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The People’s Pharmacy: Raisins before bed curb bathroom visits

Q. Thank you for writing about eating raisins at bedtime to reduce bathroom visits. I am 84, and for many years I had to get up every hour or two.

Now I take two spoonfuls of raisins (I don’t count them) and get at least six hours of sleep. If I need to, I repeat the procedure and sleep another four hours. I told my doctor not to laugh. He said he doesn’t laugh at anything that works!

A. We first heard about this remedy nearly a year and a half ago. A reader wrote: “I usually get up several times during the night to urinate. I have noticed that when I eat raisins just before I go to bed, I don’t need to get up as often, if at all.” We could find no explanation, but others, like you, have found this tip helpful. It is certainly less likely to cause difficulties than prescription medicines.

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Q. I am a man, but I’ve been wearing women’s L’eggs Sheer Support Pantyhose for years for my varicose veins and bad circulation in my legs. They are far cheaper than the Jobst that the doctor initially recommended. The pantyhose are very comfortable, and my legs feel great in them. I choose the suntan color and wear them all the time with shorts, as it is very warm here in Arizona. Nobody comments.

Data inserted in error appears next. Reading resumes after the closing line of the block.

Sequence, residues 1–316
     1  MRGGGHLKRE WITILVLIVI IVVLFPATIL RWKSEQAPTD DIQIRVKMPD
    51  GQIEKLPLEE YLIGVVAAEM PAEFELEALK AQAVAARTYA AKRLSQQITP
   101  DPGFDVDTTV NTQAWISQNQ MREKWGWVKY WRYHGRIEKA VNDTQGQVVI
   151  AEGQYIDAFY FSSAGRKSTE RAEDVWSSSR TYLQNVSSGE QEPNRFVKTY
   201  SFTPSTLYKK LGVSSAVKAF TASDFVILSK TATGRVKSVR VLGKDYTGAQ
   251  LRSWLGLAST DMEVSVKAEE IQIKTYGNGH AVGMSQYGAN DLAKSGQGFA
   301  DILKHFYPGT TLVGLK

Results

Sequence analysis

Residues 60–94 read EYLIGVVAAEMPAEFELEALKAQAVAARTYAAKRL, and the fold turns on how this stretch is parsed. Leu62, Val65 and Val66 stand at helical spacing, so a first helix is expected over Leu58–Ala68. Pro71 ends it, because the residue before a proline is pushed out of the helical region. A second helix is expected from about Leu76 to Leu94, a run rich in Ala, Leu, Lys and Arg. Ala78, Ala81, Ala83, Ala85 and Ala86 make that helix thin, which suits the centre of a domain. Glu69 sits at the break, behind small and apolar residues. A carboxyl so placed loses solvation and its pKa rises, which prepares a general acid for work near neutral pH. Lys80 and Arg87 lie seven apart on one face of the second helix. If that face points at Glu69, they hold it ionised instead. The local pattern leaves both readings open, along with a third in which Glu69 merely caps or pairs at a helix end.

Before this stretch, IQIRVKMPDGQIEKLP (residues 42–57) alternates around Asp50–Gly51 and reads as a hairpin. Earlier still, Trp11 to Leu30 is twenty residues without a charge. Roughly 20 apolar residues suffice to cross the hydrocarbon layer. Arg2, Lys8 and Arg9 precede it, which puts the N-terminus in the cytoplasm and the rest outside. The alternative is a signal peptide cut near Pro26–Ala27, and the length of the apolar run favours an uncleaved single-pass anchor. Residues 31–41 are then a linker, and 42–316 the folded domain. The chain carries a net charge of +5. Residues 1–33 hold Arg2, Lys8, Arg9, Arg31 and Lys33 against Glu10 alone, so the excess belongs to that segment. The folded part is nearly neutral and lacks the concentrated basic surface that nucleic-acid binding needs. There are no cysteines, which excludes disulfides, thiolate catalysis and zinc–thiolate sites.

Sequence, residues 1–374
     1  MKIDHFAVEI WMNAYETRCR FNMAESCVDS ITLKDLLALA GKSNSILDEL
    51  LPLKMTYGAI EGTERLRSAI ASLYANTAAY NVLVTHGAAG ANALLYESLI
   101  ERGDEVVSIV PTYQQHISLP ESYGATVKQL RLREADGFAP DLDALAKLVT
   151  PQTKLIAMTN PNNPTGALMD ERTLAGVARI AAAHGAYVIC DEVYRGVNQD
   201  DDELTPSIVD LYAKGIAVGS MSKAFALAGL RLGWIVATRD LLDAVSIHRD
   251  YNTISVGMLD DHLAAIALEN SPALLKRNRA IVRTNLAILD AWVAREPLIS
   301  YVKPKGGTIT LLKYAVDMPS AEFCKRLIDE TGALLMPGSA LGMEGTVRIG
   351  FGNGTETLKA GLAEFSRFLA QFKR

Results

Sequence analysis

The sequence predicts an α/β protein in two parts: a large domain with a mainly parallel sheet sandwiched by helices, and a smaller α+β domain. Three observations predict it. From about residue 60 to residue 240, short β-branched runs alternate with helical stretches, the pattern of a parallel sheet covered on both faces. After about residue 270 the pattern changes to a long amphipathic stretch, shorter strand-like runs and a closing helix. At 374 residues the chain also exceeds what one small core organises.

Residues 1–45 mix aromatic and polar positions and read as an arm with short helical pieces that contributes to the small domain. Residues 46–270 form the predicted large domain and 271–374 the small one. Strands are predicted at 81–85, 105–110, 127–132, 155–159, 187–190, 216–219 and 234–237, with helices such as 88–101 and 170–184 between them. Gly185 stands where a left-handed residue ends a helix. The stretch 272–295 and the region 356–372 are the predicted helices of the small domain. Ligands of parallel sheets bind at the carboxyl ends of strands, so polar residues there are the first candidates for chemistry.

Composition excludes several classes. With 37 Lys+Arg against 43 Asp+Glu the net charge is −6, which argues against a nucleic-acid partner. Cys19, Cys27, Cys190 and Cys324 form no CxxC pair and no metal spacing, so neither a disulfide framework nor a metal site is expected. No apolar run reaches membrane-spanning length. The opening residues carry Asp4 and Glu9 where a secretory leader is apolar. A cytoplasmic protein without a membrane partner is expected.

A. When we checked prices, we could see the appeal of the pantyhose. The L’eggs brand offers several ranges of compression, and you have chosen the weakest. If it works for you, though, why not save 50 percent on the cost of pricey compression hose?

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Q. I have been on proton-pump inhibitors (PPIs) for almost three decades. I still have serious gastritis and GERD. I would like to get off them since they are not working anyway. I don’t smoke and I’m not overweight. Can you give me advice on tapering off?

A. If powerful acid-suppressing drugs like esomeprazole (Nexium) and lansoprazole (Prevacid) haven’t worked, perhaps there is something else going on. Have you been tested for Helicobacter pylori infection?

Symptoms of H. pylori can include frequent stomachaches, nausea and bloating. This germ can lead to ulcers.

We are sending you our Guide to Digestive Disorders for information on H. pylori and how to eradicate it, along with strategies for getting off PPI medications. Anyone who would like a copy, please send $3 in check or money order with a long (No. 10), stamped (70 cents), self-addressed envelope to: Graedons’ People’s Pharmacy, No. G-3, P.O. Box 52027, Durham, NC 27717-2027. It also can be downloaded for $2 from our website: peoplespharmacy.com.

Stopping a PPI suddenly can trigger rebound hyperacidity and distressing symptoms of reflux. That is why such a medication should ideally be tapered off gradually over six weeks, with support from non-drug approaches such as fennel, ginger or persimmon tea.

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Q. I use white school glue for kitchen burns. It works great to remove almost all the pain and redness and prevent blisters. I put the glue over the burn and let it dry. I leave it in place for as long as possible – the longer the better to prevent blisters.

A. Cold water is always the first step in treating household burns. After that, soy sauce, cold mustard or white glue can provide relief. The gel from a broken aloe vera leaf also is supposed to be soothing.

The People’s Pharmacy radio broadcast airs at 2 p.m. Saturdays on WBFO-FM 88.7.